The world’s vulture populations (with the notable exception of Europe, where reintroduction programmes and partnership projects are bucking the global trend and seeing increases in all four breeding species) are in freefall. The Oriental White-backed Vulture (Gyps bengalensis) of India and southeast Asia, for example, was so abundant up until the 1980s that it was considered one of the most common large birds of prey in the world. Once numbering several million individuals, just a few decades later it was listed by the IUCN as Critically Endangered after an almost incomprehensible 99.9% decline. Less than 15,000 now exist. We’ve written about this crisis before (see – Dead and Dying | Old World Vultures 101) but in Asia especially vultures have been almost wiped out through the use of veterinary anti-inflammatory drugs like Diclofenac, which are routinely given to cattle. Vultures scavenging on the carcasses of cattle that have been recently treated with the drug, develop gout, kidney failure and die within just a few days.
Diclofenac was banned over a decade ago, but vets treating cattle in some of the remotest parts of the subcontinent quickly replaced it with a similar NSAID (Non-Steroidal Anti-Inflammatory Drug) Ketoprofen, which is also widely prescribed to people for pain management of rheumatoid arthritis. Unfortunately, Ketoprofen is also deadly to vultures.
Ketoprofen had become the main anti-inflammatory drug used by vets in Bangladesh, so the ban reported by SAVE (Saving Asia’s Vultures from Extinction) is a significant change. The companies affected by the ban are already apparently stepping up production and improving their formulations of a safe alternative, meloxicam.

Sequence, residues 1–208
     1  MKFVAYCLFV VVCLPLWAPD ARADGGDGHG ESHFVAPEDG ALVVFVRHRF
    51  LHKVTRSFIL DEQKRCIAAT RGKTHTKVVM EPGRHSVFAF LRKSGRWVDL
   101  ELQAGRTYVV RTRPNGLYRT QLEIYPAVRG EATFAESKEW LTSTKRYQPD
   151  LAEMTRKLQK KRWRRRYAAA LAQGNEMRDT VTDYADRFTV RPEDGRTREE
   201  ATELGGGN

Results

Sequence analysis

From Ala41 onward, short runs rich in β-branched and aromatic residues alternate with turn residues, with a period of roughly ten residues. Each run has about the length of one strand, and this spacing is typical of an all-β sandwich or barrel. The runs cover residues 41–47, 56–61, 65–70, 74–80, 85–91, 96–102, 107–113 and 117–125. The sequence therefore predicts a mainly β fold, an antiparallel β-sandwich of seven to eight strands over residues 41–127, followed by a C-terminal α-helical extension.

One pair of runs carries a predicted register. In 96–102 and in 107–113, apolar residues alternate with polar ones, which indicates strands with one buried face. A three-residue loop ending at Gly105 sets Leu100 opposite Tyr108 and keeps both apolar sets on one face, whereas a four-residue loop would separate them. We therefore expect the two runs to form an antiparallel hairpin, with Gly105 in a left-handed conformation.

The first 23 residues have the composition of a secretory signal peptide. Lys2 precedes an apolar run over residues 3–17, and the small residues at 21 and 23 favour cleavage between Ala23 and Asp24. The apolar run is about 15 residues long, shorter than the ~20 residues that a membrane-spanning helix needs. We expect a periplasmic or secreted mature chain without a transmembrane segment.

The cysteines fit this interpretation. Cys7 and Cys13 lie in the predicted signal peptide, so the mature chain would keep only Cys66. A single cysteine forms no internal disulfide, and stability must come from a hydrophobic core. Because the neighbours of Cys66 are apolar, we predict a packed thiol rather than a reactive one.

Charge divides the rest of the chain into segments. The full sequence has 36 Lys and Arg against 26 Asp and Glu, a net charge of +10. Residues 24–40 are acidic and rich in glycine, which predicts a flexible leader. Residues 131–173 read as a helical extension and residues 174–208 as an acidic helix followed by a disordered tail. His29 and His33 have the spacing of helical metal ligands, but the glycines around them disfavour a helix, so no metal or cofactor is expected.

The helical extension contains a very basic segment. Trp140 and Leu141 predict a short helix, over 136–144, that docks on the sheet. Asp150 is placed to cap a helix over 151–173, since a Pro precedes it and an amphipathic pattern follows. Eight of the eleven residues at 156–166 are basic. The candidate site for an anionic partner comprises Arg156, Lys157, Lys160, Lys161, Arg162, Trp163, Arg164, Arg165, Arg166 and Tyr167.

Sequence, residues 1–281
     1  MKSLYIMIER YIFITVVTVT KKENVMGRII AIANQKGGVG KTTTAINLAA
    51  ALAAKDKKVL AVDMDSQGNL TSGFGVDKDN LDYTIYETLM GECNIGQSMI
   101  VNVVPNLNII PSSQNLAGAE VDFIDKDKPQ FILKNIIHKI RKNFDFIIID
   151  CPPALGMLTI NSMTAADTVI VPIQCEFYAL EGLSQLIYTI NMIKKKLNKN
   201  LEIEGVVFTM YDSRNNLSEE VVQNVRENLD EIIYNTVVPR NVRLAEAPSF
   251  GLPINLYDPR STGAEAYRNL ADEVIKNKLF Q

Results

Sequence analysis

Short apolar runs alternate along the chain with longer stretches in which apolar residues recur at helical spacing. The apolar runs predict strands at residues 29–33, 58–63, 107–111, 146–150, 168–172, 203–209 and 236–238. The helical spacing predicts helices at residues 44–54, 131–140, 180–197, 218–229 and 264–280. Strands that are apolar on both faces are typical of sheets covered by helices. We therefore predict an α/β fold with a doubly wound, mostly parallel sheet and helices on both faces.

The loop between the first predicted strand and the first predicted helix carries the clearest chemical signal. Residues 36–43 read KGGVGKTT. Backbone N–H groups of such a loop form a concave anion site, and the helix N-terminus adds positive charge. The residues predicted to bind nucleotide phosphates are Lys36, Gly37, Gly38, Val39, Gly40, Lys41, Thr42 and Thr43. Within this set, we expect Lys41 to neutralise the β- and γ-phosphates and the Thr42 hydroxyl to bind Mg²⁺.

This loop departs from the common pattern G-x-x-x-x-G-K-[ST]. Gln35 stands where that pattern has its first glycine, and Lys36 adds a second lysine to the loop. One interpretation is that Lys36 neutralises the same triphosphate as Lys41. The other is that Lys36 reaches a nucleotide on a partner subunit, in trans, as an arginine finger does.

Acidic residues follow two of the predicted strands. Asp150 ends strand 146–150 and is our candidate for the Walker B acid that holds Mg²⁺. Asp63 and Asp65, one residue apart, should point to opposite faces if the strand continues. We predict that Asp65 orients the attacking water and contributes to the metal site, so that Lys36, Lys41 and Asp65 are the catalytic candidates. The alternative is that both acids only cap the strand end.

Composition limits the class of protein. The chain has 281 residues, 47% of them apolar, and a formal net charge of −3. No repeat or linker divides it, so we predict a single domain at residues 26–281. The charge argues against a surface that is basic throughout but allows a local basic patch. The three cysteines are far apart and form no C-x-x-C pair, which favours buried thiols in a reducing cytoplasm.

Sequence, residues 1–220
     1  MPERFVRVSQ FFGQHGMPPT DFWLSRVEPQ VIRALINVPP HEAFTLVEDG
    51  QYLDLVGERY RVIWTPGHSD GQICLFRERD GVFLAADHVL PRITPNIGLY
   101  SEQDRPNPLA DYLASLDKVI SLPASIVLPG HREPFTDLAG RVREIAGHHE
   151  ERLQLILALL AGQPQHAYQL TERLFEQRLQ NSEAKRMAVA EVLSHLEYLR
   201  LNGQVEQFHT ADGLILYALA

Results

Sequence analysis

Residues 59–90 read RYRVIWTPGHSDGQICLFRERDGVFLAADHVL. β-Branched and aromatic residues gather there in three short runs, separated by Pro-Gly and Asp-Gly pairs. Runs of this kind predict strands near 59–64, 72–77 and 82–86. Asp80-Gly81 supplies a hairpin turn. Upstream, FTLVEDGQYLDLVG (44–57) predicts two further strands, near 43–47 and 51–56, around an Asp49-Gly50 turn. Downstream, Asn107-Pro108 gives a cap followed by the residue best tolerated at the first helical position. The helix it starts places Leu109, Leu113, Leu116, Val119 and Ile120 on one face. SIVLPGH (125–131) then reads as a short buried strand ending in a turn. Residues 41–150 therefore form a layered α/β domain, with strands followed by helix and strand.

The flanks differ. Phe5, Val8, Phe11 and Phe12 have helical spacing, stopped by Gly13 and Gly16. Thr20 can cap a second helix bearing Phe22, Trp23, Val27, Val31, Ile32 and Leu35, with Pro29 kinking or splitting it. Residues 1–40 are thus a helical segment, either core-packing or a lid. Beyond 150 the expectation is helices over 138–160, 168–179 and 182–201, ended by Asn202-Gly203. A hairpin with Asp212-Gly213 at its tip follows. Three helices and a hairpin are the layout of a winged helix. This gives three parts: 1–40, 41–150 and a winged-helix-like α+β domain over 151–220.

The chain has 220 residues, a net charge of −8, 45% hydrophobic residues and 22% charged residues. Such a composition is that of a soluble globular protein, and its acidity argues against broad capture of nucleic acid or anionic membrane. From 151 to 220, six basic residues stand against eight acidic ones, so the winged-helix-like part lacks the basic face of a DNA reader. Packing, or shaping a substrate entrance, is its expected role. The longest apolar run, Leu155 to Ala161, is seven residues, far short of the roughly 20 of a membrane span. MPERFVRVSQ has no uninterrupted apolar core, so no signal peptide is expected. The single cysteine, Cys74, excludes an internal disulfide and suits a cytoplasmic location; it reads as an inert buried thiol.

Good news (hopefully) for members of one of the planet’s most threatened bird families…
Bangladesh first country to declare national ketoprofen ban
The Cabinet of the Bangladesh Government, chaired by the Prime Minister, has taken a landmark decision, approving a national ban of production, sale and use of ketoprofen to safeguard the small remaining vulture populations in the country.
Bangladesh is the first country worldwide to ban any of the drugs now known to be toxic to vultures since the previous veterinary diclofenac bans more than ten years ago. Ketoprofen has become the main anti-inflammatory drug used by vets in the country, so this represents a significant change, and the companies concerned are already stepping up production and improving their formulations of the safe alternative drug, meloxicam.
Non-Steroidal Anti-Inflammatory Drugs (NSAIDs) including diclofenac and ketoprofen are the primary threats to the vultures of South Asia, including Bangladesh. These drugs were responsible for the catastrophic 99.9% declines of white-rumped vultures in the region. When these NSAIDs are administered to cattle, and if the cow or buffalo dies within a few days and is consumed by vultures, it causes gout, kidney failure and death in the following days .
Ketoprofen was first demonstrated to be toxic to vultures in trials carried out in South Africa over ten years ago. The first localised bans came in Bangladesh’s two gazetted Vulture Safe Zones (VSZs) in 2017, covering around one-third of the country. However, making this ban fully effective has been a challenge. Despite the bans and major awareness campaigns, the 2018 undercover pharmacy surveys conducted showed that 62% of veterinary drug suppliers still offer ketoprofen, and that’s only a 10% reduction from earlier. It has been difficult to control the drug supply into these areas while it remained legally available elsewhere in the country. Hence the countrywide banning of ketoprofen is such an important step.SAVE, Bangladesh first country to declare national ketoprofen ban, 18 Feb 2021